Rustic Buntings in North America
New records for Project FeederWatch
A Eurasian species, Rustic Buntings occasionally wander to North America, but they are almost exclusively seen on the west coast only. Their normal breeding range extends from Scandinavia to northern Siberia, and they typically winter in China or Japan. Prior to this year, no FeederWatch participant had ever reported seeing one at their feeders. This fall, three individual birds have been reported to Project FeederWatch--one in Saskatchewan, far from the west coast, and two in the same yard in Alaska.
A Rustic Bunting in Saskatchewan
Harvey and Brenda Schmidt, of Creighton, Saskatchewan, first discovered four juncos in their yard on December 3, 2009, which is unusual in and of itself for their yard in winter. Traveling with the juncos, Harvey spotted a smaller bird and called his wife over. As Brenda later wrote in a post to her local birding email list she, "was immediately struck by the dark V on the chest, the head pattern, the distinct dark crest, which was raised at the time, the rufous streaking on the sides and the pink in the sharp bill." She went on to say that the bird, "had all the makings of a Rustic Bunting. It had the light spot on the back of the head, the flesh colored legs, the white tail, etc." They started photographing the bird but at that point it was late in the day, and the light was pretty low.
Brenda kept an eye out the window the next morning. Harvey, the photographer of the family, had to work. When Brenda saw the juncos and bunting arrive at 9:30, she called Harvey. He managed to secure time off of work (there was a rare bird in his yard!), rushed home, and started taking pictures. Brenda posted the photos on her blog and sent a message to Bob Luterbach, a prominent Saskatchewan birder, asking him to take a look. He confirmed the identification a few days later. Their bird was the first Rustic Bunting ever confirmed in the Province of Saskatchewan.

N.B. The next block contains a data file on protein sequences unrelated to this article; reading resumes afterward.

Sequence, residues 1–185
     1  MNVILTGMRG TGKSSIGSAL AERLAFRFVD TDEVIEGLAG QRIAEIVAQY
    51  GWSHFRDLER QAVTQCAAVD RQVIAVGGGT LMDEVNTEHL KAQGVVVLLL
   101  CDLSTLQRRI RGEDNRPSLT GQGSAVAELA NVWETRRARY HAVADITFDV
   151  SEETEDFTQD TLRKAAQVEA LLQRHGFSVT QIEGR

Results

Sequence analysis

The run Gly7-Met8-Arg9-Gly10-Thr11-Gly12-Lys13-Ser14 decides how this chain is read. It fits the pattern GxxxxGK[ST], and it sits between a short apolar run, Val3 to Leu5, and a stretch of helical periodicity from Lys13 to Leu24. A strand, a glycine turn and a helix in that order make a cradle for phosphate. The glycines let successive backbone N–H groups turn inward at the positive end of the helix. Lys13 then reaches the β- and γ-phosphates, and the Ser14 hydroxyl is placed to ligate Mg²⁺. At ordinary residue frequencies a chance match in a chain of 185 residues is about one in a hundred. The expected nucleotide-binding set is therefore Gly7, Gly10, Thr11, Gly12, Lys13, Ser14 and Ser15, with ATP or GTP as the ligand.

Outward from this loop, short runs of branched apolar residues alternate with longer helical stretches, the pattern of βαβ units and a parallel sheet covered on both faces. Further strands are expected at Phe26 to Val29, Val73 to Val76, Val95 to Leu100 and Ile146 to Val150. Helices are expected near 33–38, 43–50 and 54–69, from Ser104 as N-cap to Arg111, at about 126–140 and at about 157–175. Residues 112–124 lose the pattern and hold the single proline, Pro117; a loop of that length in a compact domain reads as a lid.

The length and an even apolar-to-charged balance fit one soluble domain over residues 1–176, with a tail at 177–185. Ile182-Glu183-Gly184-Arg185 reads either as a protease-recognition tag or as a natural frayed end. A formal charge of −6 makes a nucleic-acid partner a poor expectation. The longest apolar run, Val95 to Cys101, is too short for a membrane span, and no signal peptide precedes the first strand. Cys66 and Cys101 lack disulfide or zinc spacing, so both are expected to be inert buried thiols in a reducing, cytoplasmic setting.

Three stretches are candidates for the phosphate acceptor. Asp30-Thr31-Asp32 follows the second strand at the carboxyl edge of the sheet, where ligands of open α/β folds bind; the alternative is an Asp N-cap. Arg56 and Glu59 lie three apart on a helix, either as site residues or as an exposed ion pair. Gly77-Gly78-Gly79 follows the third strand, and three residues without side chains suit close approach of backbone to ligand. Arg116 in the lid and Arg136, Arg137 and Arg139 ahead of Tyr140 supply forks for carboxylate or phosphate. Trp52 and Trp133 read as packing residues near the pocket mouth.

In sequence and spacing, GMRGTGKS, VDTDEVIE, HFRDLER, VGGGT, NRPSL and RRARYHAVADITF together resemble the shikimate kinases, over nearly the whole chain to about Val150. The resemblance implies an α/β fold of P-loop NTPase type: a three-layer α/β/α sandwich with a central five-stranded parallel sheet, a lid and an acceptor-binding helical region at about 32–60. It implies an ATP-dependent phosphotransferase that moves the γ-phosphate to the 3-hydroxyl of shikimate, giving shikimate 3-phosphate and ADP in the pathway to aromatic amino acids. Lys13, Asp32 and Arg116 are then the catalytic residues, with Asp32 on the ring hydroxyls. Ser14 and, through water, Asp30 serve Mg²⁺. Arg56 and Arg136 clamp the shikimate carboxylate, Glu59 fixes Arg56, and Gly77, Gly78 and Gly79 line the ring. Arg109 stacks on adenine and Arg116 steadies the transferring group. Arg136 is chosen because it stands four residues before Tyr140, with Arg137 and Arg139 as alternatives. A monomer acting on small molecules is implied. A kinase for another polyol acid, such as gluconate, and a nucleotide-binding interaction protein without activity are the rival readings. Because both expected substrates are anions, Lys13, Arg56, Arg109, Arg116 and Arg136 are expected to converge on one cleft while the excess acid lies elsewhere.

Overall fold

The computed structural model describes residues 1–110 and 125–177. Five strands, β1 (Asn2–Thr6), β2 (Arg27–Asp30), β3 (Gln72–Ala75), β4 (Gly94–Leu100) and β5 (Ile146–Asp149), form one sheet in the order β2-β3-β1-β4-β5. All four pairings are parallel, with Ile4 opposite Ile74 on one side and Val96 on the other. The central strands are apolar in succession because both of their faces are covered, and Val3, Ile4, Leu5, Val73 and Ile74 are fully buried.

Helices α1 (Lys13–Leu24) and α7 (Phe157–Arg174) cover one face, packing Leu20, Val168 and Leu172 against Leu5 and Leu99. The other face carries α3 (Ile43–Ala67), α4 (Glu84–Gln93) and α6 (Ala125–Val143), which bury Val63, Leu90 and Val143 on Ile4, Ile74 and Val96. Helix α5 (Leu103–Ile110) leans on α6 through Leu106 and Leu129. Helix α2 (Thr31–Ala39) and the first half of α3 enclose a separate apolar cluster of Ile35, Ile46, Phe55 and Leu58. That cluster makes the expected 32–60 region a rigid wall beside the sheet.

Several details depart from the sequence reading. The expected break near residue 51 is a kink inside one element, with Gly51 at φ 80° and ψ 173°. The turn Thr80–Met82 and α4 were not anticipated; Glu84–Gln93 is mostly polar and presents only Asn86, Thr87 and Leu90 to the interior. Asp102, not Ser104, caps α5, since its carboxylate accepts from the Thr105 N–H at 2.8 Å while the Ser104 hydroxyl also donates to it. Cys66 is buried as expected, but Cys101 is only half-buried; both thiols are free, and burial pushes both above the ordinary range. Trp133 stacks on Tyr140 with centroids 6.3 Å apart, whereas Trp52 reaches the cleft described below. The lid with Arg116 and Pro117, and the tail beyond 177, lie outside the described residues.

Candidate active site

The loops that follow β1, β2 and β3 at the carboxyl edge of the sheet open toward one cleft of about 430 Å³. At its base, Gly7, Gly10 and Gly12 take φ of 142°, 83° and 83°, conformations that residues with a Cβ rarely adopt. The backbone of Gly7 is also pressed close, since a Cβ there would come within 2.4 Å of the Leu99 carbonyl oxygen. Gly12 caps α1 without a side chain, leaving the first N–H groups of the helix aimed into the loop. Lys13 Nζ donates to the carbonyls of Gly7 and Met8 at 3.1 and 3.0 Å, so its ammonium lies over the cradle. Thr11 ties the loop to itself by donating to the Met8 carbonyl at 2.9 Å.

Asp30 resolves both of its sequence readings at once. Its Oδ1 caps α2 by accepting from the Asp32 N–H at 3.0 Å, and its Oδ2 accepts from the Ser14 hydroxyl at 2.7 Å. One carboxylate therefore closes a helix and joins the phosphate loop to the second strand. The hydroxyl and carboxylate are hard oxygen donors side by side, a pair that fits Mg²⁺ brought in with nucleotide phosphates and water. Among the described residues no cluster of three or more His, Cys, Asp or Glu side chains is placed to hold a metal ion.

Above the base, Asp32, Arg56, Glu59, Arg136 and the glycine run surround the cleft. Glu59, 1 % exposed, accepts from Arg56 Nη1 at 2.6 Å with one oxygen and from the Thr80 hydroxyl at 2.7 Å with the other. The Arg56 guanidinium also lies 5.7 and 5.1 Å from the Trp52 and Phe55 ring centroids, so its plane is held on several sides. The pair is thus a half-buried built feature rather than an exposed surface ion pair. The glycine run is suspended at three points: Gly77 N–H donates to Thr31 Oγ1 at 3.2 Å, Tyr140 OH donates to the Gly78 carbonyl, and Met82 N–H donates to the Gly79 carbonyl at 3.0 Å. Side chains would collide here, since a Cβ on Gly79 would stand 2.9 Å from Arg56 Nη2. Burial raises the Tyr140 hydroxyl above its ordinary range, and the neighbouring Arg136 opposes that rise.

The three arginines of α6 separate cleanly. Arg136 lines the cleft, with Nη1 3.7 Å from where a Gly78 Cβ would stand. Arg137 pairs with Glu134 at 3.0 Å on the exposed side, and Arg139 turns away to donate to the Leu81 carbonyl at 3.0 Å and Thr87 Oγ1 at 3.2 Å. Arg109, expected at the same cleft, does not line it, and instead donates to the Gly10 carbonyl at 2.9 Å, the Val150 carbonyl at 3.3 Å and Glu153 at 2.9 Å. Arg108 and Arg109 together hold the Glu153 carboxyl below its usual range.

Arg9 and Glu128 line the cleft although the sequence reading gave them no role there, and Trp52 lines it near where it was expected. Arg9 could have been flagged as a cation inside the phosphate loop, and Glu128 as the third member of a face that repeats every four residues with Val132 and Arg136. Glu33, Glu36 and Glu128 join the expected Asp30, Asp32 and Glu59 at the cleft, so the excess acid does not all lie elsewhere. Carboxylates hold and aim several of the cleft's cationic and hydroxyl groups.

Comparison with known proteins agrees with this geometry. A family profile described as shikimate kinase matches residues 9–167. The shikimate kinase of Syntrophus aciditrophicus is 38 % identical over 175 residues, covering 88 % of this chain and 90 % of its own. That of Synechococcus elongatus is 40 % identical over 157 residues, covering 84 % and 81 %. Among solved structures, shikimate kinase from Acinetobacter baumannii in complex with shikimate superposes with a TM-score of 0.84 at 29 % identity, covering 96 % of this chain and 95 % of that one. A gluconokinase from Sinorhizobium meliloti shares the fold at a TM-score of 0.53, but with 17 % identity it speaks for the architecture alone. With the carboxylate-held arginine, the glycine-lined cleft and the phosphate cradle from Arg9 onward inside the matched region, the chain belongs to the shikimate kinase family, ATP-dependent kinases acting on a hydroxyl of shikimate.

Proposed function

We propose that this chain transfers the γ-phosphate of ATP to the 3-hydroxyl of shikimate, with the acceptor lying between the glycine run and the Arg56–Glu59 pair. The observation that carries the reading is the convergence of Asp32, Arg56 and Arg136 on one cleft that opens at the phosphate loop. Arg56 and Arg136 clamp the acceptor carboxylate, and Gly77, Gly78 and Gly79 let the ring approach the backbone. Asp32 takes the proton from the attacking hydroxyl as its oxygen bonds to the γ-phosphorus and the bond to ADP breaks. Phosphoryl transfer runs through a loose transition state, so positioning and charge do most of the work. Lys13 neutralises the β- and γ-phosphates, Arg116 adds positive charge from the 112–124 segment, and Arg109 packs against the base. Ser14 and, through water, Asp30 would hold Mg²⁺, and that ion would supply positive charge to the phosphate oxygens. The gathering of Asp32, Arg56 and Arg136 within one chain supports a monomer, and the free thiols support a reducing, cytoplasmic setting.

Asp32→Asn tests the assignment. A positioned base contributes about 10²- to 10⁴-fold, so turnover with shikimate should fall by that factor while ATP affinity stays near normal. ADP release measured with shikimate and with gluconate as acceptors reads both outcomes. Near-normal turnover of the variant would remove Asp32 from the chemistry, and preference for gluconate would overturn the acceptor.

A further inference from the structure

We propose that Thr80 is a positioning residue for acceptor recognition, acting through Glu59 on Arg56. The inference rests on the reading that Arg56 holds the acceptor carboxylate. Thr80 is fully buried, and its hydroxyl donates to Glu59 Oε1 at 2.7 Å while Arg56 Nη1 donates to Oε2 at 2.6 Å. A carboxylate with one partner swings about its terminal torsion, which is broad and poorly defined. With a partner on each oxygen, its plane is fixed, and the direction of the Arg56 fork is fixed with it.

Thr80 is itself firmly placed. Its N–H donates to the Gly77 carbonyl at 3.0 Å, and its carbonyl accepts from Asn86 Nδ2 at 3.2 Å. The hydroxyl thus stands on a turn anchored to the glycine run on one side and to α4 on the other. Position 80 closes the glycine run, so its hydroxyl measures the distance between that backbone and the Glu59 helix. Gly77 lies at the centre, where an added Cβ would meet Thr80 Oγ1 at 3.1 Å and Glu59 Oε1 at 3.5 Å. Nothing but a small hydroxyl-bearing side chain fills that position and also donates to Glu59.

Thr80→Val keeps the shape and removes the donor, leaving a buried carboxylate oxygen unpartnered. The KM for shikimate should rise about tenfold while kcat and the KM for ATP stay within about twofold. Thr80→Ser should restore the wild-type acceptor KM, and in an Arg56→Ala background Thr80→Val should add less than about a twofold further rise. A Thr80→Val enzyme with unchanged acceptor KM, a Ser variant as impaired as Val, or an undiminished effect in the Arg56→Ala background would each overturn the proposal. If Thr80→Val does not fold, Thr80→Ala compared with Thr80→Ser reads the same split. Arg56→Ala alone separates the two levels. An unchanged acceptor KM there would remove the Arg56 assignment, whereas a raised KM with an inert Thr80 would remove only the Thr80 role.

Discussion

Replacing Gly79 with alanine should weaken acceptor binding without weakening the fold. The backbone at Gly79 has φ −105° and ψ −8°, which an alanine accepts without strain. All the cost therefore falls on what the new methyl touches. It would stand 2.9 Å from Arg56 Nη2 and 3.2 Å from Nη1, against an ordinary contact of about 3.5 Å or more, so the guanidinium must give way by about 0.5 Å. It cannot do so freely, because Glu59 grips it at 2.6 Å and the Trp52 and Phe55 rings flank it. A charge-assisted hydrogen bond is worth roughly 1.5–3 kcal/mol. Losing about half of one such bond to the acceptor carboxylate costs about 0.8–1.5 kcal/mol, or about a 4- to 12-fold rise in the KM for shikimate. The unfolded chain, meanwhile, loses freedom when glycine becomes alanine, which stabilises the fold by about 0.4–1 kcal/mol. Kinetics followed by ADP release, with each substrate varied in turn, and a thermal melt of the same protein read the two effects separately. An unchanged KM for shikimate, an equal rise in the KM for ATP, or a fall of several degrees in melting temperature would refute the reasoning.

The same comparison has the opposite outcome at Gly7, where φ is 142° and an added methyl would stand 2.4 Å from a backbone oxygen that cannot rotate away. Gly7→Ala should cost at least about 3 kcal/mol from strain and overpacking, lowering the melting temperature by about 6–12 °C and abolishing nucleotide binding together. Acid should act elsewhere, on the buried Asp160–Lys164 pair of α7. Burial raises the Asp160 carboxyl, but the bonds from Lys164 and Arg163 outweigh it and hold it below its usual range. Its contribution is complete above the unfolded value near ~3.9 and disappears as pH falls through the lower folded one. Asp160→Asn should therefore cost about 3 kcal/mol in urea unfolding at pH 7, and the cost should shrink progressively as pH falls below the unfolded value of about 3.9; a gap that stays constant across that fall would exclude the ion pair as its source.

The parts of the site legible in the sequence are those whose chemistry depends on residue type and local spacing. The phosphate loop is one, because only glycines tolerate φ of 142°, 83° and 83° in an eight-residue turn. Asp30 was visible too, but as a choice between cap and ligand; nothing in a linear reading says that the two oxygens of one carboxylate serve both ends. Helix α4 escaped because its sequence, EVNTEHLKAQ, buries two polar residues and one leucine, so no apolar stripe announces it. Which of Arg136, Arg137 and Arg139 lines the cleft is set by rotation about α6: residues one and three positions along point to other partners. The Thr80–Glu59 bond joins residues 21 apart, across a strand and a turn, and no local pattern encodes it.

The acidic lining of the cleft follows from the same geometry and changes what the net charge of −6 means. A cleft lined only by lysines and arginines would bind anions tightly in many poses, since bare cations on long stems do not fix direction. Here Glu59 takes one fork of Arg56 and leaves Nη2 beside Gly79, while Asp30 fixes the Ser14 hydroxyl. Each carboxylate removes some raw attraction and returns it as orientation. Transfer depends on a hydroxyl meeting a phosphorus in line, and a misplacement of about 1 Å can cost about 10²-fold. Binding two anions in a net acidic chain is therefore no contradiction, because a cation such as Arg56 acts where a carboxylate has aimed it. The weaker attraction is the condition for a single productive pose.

Harvey later wrote about the experience: "We've been avid birdwatchers all our lives and have been birding together for more than 20 years. To see a bird in our yard that has not been reported this far inland was surprising to say the least. It didn't take long to realize what we were looking at, but it was hard to believe." In addition to birding together for many years, Harvey and Brenda have been participating in Project FeederWatch since 2006.
As of December 14, the Rustic Bunting was still being seen in their yard, feeding exclusively on the ground. When asked if birders were coming to see their rare visitor, Harvey wrote, "We live in a fairly remote mining community, and it has been extremely cold. So only a few birders have made the journey so far, though many have expressed interest. One came from as far as British Columbia."
Read more details about the bunting visit and see more photos at Brenda's blog,
Alone on a Boreal Stage: a Northern Monologue
Two Rustic Buntings in Alaska
Jerrold Koerner has been a FeederWatch participant for five years, but he has been feeding birds on his property north of Ketchikan, Alaska, since 1986. With 10-12 feeders, he attracts lots of birds, including rarities. In Winter Bird Highlights 2005-06, we featured three rarities that Jerrold saw at his feeders that winter (see page 11)--a Common Grackle, a Tennessee Warbler, and a Nashville Warbler, all in November. The Common Grackle was only the ninth record for Alaska.
On October 24, 2009, Jerrold noticed a bird in his driveway that looked different from the juncos it was associating with. He wrote, "The head pattern reminded me of some Lapland Longspurs that were in our neighborhood earlier, but when I looked at it through my binoculars, I could see that this was a very different bird." Jerrold said that the peaked crest on its head led him to believe the bird was a Rustic Bunting.
Jerrold is retired from the Alaska Department of Fish and Game (ADFG), where he was a salmon research biologist for 25 years, and he has been a birder all of his life. After seeing the bunting, he called two birding friends who work for the ADFG, and they confirmed his identification.
This Eurasian bunting is sometimes seen in Alaska's Aleutian Islands, where it strays over from the Kamchatka Peninsula in Russia, but there are only two other records in southeast Alaska, one from Petersburg and one from Juneau.
"What became the real shocker," according to Jerrold, "was looking out the window on November 11th and seeing two Rustic Buntings side by side in our driveway."
Lots of birders have been visiting the Koerners to see the buntings. Some have come from as far away as Nevada and Texas. Jerrold said that the buntings seem to prefer white millet, which they forage for on the ground. No one has seen the second bunting since November 29, but as of early December, one bunting continues to be seen daily.